Drafting in the community has brought top marks for a Paisley primary, reports David Henderson
Ferguslie primary, in one of the most disadvantaged communities in the west of Scotland, is the latest school to be put through the HMI mill and come out with a sparkling report - but with no ministerial note of recognition.
The Paisley primary has underlined that schools in the most unfavourable community circumstances can help pupils to achieve. Of 22 standard performance indicators used to assess schools, Ferguslie received 15 very goods and seven goods. No aspects were fair or unsatisfactory.
Mary Taylor, who has been head for 10 years, attributes the school's success to the principles of joint working, a key theme behind the new community schools initiative.
"We have a belief that people can work together and make a real difference.
Schools and teachers cannot do this alone," Mrs Taylor said.
A combination of voluntary and professional help was behind the drive to ensure all children achieved some success at something, a point acknowledged by the inspectors who say the joint assessment team provided strong support for pupils. The role of the homelink teacher has also been important, Mrs Taylor said.
The inspectors' report notes that more than 160 of the 200 pupils are entitled to free meals, an indicator of the challenge facing staff.
"We have to take account of where children are starting from but that is not an excuse for not attaining," Mrs Taylor said. "We set pupil performance against what they have achieved and what more they can achieve.
I look upon the school as improving year on year rather than looking elsewhere at league tables. When we first set targets three years ago, we recognised that we must do better."
Monthly checks on any pupil who was not doing as well as exected helped to pick up difficulties that could be tackled jointly.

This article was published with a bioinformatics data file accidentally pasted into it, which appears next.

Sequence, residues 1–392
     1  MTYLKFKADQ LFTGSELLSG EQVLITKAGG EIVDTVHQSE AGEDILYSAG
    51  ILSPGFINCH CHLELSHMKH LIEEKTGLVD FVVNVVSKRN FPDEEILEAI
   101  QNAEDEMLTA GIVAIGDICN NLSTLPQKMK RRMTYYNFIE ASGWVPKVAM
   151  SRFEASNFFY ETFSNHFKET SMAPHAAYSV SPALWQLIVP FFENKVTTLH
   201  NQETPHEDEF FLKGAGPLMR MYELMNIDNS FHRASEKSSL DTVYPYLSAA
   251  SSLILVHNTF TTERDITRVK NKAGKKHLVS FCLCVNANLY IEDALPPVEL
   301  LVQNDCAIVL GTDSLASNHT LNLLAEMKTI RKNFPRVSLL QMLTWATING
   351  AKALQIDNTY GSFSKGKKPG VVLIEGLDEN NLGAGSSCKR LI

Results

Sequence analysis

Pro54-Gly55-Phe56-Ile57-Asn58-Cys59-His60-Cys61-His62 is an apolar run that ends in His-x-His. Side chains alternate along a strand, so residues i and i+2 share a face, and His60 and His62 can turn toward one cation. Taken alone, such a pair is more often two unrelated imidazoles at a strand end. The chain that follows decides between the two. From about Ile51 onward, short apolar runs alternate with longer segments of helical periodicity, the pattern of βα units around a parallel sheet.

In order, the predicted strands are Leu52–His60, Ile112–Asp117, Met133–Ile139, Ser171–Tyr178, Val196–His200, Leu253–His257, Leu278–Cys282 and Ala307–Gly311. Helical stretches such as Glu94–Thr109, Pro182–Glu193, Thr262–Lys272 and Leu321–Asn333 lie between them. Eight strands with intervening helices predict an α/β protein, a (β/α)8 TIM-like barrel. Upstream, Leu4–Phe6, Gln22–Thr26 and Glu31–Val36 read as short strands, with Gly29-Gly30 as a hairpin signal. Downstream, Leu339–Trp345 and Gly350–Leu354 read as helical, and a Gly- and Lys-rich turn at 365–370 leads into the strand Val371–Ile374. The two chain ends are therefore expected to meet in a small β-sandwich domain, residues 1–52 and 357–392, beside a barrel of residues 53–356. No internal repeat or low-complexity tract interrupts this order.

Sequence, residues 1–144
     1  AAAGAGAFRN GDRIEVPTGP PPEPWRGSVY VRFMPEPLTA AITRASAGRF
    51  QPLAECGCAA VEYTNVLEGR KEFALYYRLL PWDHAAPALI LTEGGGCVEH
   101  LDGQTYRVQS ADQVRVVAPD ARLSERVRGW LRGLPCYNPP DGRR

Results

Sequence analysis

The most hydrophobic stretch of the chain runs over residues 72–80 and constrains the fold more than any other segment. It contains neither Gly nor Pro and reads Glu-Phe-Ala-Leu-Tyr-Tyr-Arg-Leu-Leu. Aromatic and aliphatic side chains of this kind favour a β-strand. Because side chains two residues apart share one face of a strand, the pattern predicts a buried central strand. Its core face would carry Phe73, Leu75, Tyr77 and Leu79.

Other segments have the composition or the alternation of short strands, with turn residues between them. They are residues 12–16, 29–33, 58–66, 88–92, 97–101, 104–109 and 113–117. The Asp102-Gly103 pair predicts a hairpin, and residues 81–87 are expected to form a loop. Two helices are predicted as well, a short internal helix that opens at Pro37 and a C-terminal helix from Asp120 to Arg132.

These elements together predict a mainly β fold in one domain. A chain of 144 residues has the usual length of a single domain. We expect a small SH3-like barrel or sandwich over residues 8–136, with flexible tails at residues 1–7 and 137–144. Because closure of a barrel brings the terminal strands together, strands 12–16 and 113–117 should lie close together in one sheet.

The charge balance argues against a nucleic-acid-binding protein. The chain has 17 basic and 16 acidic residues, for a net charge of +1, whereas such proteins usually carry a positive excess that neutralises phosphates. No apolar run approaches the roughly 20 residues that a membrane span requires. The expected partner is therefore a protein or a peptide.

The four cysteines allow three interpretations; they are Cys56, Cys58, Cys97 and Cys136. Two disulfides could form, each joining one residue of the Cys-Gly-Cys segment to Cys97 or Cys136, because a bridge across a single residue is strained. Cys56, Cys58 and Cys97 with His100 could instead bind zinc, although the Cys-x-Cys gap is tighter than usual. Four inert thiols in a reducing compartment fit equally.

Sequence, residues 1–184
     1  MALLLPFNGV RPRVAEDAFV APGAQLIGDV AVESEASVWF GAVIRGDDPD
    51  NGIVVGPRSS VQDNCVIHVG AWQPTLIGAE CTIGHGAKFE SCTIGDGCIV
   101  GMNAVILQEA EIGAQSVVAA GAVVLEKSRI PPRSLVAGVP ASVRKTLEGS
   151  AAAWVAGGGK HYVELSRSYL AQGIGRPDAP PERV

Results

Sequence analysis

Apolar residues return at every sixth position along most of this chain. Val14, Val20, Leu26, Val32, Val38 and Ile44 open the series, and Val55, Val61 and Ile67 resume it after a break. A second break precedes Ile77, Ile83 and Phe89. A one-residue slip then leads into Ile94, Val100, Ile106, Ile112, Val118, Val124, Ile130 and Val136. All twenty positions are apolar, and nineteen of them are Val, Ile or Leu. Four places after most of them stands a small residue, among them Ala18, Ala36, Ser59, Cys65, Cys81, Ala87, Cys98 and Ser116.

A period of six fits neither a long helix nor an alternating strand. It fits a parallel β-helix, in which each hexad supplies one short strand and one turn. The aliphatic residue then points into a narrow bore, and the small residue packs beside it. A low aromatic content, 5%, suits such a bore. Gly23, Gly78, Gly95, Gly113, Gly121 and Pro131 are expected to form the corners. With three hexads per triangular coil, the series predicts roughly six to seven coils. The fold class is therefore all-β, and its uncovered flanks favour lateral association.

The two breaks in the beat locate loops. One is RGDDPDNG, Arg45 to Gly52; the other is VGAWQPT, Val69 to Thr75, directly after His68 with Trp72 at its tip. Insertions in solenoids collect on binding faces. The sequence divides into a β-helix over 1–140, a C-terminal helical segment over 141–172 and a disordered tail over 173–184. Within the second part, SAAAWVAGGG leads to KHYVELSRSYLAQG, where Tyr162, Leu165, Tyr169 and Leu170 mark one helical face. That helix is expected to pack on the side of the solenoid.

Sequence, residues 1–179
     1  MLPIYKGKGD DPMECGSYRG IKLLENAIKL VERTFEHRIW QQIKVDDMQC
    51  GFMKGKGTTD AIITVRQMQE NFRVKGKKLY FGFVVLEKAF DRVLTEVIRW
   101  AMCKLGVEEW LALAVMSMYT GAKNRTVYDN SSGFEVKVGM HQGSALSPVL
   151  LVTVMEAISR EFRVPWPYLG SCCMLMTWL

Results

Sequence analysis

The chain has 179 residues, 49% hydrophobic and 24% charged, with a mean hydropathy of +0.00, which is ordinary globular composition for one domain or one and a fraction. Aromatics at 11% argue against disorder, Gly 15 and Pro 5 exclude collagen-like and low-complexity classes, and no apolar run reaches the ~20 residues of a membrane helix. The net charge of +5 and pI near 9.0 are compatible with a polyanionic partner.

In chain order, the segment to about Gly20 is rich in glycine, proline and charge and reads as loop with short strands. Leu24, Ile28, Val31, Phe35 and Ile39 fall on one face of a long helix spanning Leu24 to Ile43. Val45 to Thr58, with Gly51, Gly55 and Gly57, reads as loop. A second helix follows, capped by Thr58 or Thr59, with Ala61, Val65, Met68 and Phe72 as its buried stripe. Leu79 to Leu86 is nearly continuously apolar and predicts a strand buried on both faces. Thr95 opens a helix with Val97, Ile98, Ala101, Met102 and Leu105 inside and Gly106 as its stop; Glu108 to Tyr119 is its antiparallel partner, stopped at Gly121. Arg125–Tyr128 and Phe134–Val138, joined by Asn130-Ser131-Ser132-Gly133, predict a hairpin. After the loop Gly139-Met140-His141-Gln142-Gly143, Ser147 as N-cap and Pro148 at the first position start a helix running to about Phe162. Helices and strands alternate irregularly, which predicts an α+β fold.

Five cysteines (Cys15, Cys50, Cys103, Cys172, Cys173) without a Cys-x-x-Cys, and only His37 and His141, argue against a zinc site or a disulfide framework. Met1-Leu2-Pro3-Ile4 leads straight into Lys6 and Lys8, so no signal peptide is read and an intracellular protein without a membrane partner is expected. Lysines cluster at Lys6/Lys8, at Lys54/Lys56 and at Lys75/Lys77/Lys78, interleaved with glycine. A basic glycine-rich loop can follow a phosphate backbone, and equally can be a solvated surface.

Like others, the school stresses success, holding weekly praise assemblies.
Initially seen as not cool, even the sceptical P7s are clamouring for school recognition, Mrs Taylor says. "It could be someone achieving a level in a national test, children reading something for the first time or even staff who have done well in something. We have a praise board at assembly with pieces of work on it, or it could be a model that was developed in technology. Everyone's good at something."
The inspectors say teachers had high expectations for attainment, attendance and behaviour, even if "the behaviour of some pupils did not always match these expectations".
Mrs Taylor said: "There is no doubt we have a number of children experiencing difficulties and we have a discipline policy with strategies to support teachers in class or out." Pupils can still be excluded if they fail to meet behaviour standards.
Stephen McKenzie, Renfrewshire's head of quality assurance, said the school used additional resources well and targeted them at pupils' learning needs, introducing personal learning plans. "Mrs Taylor does set high targets in terms of pupils' own achievements and parents are proud of their school," Mr McKenzie said.
Ferguslie primary is the council's second most disadvantaged school and will shortly join the second phase of the new community schools initiative.
But it performs above its status. Reading targets are above what might be expected, as are maths results, and showing significant improvements each year.
"The school is containing the gender differences in reading and writing and in maths there is no gender difference. It is motivating the boys and that is part of the initiatives on self-esteem," Mr McKenzie said.